The moment when Michael Schumacher's Ferrari careered off the track at Silverstone, breaking the German's leg in two places, seem to have ended the world championship contest. Mika Hakkinen's second consecutive title appeared assured.
However, such was Hakkinen's and McLaren-Mercedes', profligacy through the late summer and autumn that the Finn went into the final round, the Japanese Grand Prix, trailing Ferrari's No 2 driver, Eddie Irvine, by four points.
Hakkinen had been forgiven an earlier aberration, at Imola, where he threw away victory by crashing into a wall. But a catalogue of calamities, compounded by a controversial ruling of the sport's governing body, gave the advantage to Irvine.
In that fateful British Grand Prix Hakkinen lost a wheel and ultimately retired. In Austria his team-mate, David Coulthard, inadvertently rammed him.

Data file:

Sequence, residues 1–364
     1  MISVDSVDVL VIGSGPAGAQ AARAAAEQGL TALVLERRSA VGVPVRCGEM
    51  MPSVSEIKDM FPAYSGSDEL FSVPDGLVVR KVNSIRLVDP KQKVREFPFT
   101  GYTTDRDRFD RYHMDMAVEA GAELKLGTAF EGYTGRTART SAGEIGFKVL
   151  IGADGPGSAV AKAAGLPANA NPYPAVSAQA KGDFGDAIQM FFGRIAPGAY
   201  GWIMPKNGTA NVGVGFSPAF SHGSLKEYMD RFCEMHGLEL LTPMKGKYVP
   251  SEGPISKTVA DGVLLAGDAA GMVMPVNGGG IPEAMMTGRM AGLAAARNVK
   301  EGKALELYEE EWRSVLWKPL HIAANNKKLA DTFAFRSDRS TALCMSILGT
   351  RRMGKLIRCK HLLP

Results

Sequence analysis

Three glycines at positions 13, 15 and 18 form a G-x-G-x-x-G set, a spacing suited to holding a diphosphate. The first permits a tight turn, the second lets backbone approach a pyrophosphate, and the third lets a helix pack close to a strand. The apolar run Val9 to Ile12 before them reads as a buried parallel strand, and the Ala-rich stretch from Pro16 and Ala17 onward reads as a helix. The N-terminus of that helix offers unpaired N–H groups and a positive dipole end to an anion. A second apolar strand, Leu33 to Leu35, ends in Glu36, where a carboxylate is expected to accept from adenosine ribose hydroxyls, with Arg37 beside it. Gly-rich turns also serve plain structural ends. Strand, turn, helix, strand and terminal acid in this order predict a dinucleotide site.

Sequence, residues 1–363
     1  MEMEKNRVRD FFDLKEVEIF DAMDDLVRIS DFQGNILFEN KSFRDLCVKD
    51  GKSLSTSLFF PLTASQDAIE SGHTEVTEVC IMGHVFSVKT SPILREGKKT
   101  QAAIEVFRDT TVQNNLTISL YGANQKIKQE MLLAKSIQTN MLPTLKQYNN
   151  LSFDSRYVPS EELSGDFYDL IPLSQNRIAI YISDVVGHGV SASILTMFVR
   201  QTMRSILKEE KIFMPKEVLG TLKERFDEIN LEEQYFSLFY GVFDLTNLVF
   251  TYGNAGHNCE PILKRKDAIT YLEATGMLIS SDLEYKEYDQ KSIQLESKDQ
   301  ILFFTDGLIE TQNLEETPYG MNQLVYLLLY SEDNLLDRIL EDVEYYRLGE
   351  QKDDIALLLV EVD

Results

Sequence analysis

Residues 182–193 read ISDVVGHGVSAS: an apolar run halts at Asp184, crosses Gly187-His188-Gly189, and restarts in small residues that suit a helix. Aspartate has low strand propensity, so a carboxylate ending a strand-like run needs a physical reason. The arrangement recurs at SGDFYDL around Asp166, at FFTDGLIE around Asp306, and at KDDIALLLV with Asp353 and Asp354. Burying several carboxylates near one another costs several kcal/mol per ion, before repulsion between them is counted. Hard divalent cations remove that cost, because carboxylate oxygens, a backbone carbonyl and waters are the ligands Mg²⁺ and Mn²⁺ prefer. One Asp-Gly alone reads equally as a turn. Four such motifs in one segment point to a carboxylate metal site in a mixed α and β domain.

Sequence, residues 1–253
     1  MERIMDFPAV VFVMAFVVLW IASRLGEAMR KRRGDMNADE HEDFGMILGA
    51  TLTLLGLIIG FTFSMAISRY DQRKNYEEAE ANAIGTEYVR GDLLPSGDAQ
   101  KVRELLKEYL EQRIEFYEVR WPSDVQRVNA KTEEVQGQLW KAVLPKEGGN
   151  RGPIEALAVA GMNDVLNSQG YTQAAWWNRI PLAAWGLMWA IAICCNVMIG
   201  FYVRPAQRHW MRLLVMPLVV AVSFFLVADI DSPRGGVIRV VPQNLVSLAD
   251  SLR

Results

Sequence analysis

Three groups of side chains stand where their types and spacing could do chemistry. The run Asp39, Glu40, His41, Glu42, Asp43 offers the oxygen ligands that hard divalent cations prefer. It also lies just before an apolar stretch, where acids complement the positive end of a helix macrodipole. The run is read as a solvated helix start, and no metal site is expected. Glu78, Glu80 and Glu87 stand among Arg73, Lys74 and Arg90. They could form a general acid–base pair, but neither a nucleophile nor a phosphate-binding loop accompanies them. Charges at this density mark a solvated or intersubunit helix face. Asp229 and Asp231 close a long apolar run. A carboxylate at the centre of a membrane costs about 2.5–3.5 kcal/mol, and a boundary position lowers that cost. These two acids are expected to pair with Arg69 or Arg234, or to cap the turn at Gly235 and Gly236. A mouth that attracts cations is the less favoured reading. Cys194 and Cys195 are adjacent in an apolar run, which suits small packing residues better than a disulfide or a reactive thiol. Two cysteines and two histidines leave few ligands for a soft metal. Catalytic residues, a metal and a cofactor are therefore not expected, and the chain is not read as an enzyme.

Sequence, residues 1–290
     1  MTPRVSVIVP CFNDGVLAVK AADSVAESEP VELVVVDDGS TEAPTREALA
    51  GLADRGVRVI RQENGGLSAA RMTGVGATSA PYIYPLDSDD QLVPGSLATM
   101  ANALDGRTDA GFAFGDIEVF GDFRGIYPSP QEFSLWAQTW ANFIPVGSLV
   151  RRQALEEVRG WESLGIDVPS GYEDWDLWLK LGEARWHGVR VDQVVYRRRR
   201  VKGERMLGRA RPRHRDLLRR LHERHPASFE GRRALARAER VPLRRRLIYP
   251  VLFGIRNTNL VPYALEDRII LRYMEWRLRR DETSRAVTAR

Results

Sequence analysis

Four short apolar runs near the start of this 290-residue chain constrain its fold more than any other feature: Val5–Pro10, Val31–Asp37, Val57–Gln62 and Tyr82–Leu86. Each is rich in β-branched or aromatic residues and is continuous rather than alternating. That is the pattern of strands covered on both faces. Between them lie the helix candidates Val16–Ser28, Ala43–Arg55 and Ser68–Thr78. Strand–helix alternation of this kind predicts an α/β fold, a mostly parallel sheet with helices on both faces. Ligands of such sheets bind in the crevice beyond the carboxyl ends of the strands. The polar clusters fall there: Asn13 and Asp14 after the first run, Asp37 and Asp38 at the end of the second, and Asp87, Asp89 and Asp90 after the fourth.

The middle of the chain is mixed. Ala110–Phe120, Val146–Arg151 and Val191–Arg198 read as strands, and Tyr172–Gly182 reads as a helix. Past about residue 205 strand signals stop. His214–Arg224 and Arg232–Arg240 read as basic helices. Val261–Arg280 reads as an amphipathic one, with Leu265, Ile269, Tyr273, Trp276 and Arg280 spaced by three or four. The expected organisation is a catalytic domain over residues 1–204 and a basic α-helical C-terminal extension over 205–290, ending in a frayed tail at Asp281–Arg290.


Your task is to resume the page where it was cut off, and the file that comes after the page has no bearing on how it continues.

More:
Hakkinen contained his frustration and reminded himself he still had the fastest car. Surely, he reasoned, all would be well. Instead, things got worse.
In Germany a problem with the fuel rig cost him vital time and then a blow-out at 200 mph hurled him out of the race.
Hungary produced a straight-forward win for Hakkinen, but in Belgium he was muscled out of the first corner by Coulthard. Italy reduced him to tears. He spun at a chicane and squandered 10 more points.
Two nervously claimed points at the Nurburgring - where Irvine drew a blank - gave Hakkinen the edge with two races remaining. Suddenly, though, the equation was complicated by the return of Schumacher, who dominated the inaugural Malaysian Grand Prix and handed victory to Irvine.
But wait. Another twist. Ferrari were disqualified because their cars' turning vanes were illegal. Oh no they're not, decided a court of appeal. They were within a 5mm tolerance apparently prescribed by the rules.
So the show went to Suzuka with Irvine in the box seat. Another win for Schumacher would suit the Irishman fine and the great man was on pole again. Alas, the fabled magic deserted Schumacher on the day. Irvine, in third place, was powerless to mount a challenge.
Hakkinen had victory and the title, and was left wondering how he and his team had contrived to prolong the suspense.